Jill Smolowe expresses so much of what I (and I think many other people who have lost beloved ones) feel. She asks – why would I want to get over my grief when the sting of it reminds me of my love? That is the part of the paradox of being able to find joy again and feeling sorrow at the gaping hole. Jill’s book has helped me so much and I found this article inspiring too. 

A Surprising Way to Handle Grief

A widow asks why she should ‘get over it’ when it is a reminder of love

By Jill Smolowe

In the days immediately following my husband’s death, I heard this sentence not once, not twice, but three times: “It takes five years to get over grief.” In each instance, the message was delivered by a widowed man or woman, and, frankly, it didn’t sit well.

I’d just been through two-and-a-half years of care giving. The thought that my life might be on hold for another five years weighed far too heavily.
Today, I hit that mark: five years without Joe. Did it take all this time to get over the grief of losing my cherished husband of 24 years? Am I over my grief?

It may sound like a contradiction, but the answer to both questions is no.
During my first year of widowhood, my main challenge was to figure out how to keep going with a huge hole at the center of my being. Joe’s absence was so raw and palpable that he remained a presence throughout my days. The first six months, no matter what I was doing, Joe was constantly there, reminding me that he was gone. I remember actually telling him silently (but quite firmly) that the bathroom was off limits; hey, a girl needs some privacy.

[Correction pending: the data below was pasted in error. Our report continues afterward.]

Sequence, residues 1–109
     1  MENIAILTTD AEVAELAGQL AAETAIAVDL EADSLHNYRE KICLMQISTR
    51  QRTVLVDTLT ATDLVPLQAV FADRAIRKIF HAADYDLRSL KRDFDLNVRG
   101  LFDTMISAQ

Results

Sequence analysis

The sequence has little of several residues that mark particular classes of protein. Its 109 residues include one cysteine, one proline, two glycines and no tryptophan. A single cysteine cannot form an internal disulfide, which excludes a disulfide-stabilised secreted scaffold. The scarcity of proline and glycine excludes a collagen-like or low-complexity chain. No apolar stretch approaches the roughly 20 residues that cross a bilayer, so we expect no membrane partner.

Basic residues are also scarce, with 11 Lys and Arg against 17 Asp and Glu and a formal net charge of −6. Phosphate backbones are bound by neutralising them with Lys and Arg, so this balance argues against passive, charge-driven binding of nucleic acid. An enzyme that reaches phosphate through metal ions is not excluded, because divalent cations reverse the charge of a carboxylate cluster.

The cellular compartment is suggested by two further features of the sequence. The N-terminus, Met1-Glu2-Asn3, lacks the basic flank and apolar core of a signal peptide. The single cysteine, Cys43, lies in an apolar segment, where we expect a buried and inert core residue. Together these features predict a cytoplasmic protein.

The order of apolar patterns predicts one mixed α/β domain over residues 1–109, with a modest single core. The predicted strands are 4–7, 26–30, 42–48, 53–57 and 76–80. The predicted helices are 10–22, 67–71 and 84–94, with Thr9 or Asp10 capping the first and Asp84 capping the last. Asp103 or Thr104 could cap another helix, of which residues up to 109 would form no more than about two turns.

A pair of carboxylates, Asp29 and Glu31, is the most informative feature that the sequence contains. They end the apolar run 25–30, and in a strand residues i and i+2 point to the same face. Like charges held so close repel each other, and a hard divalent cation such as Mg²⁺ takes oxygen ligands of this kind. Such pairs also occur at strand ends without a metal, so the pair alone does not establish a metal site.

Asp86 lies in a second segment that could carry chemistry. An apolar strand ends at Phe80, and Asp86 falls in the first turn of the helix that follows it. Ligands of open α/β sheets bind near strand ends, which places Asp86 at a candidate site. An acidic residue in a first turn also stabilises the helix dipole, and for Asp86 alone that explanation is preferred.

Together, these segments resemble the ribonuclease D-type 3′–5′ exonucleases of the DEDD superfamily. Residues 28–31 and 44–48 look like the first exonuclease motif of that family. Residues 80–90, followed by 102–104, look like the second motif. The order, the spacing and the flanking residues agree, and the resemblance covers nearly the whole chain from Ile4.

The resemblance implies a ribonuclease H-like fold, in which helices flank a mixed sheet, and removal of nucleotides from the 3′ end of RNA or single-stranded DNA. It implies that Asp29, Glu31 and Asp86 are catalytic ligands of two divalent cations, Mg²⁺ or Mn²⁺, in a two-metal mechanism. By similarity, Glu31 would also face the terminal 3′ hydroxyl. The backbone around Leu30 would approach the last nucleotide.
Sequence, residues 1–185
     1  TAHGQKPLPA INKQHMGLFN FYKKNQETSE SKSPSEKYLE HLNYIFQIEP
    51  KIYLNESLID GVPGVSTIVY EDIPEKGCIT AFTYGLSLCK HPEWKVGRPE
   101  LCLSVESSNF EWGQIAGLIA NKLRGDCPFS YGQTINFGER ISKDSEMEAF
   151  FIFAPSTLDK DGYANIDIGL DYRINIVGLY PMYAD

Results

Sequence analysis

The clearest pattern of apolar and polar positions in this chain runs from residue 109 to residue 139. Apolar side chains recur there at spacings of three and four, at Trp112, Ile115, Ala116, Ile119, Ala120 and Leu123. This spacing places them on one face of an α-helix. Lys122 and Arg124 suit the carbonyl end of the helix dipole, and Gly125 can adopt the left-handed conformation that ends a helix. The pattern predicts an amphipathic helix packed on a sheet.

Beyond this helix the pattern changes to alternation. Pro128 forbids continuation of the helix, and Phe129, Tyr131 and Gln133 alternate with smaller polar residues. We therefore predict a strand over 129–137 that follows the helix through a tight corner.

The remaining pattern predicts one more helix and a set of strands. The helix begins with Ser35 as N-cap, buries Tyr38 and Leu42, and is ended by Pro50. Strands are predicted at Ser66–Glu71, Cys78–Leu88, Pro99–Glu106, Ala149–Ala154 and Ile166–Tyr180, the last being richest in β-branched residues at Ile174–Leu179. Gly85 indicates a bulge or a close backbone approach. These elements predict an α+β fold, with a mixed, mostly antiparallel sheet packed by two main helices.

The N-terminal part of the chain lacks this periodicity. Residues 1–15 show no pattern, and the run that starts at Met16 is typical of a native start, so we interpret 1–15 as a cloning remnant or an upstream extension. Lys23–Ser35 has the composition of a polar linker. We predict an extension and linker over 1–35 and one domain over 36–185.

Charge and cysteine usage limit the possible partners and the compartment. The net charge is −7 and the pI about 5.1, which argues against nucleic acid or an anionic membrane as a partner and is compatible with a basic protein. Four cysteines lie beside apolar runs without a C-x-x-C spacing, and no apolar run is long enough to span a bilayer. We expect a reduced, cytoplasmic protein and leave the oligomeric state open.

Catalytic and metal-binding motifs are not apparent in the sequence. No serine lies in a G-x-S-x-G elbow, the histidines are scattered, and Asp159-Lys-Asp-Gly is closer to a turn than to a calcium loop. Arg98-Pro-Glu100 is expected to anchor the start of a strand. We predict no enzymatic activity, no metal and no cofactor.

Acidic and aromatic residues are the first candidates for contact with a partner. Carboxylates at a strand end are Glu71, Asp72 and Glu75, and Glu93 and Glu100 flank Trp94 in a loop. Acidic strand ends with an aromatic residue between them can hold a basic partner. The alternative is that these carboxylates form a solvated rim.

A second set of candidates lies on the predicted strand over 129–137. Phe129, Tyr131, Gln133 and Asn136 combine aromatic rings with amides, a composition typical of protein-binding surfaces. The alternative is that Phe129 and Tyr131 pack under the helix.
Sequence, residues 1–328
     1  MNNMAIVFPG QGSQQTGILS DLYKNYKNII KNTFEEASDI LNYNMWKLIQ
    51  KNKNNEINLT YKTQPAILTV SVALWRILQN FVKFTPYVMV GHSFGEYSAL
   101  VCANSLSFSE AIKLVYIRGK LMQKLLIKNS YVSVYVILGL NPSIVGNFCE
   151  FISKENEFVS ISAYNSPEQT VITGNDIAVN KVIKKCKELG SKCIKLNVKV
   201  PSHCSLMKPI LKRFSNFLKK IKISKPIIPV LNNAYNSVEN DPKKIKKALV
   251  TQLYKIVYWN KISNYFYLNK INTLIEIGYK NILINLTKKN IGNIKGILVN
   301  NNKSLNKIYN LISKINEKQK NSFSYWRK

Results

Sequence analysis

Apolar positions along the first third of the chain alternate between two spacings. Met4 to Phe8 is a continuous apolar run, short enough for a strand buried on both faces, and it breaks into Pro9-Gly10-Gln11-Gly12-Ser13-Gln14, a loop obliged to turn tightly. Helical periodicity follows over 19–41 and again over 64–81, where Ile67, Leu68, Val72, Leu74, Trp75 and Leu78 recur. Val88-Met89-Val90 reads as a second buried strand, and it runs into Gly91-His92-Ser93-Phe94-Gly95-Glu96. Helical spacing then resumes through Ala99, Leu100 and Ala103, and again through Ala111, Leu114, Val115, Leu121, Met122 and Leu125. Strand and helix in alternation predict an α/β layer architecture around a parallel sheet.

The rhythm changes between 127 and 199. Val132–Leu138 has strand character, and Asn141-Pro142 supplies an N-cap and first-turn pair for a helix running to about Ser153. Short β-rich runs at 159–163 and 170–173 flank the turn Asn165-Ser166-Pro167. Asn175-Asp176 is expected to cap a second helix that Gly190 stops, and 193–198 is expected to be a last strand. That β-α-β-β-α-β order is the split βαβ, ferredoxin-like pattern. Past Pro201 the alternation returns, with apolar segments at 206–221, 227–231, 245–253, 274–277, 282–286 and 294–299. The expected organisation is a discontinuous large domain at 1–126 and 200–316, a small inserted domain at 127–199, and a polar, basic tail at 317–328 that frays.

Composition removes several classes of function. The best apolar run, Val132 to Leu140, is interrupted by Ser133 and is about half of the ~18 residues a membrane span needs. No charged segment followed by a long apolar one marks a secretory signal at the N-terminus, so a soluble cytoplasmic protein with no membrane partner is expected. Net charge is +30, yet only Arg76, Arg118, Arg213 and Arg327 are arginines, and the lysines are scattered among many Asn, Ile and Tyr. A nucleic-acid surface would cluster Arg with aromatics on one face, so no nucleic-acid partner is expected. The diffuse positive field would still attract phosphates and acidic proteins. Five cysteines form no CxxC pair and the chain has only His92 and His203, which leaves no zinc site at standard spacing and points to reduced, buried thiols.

Even after I met Bob, a widower, seven months after Joe’s death and began to discover that it was possible to experience both giddy happiness and deep sorrow at the same time, Joe was still on my mind most of the time.
The Second Year Is Harder   
That changed in Year Two. No longer awaking to thoughts of Joe every morning and no longer falling asleep to thoughts of him every night, I also no longer felt him as a constant presence throughout my days. When he would visit my thoughts, he never stayed for very long, which is perhaps what many people mean by “getting over grief.”
At the same time, however, I felt Joe’s three-dimensionality begin to flatten. My memories of him and us began to seem more like vacation photos than the actual experiences. As Joe grew a little less vivid with each passing day, I felt like I was losing him all over again — this time irretrievably. Heartsick, I wondered if this dimming was what widowed people meant when they said, “The second year is harder than the first.”